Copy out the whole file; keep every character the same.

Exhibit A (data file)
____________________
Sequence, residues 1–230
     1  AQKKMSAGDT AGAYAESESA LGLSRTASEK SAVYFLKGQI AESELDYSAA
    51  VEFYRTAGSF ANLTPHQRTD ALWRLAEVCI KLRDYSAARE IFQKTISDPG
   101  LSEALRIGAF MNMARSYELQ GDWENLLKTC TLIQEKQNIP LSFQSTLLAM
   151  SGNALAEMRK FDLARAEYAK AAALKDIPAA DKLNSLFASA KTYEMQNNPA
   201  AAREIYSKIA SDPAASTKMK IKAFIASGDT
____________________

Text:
Sequence, residues 1–230
     1  AQKKMSAGDT AGAYAESESA LGLSRTASEK SAVYFLKGQI AESELDYSAA
    51  VEFYRTAGSF ANLTPHQRTD ALWRLAEVCI KLRDYSAARE IFQKTISDPG
   101  LSEALRIGAF MNMARSYELQ GDWENLLKTC TLIQEKQNIP LSFQSTLLAM
   151  SGNALAEMRK FDLARAEYAK AAALKDIPAA DKLNSLFASA KTYEMQNNPA
   201  AAREIYSKIA SDPAASTKMK IKAFIASGDT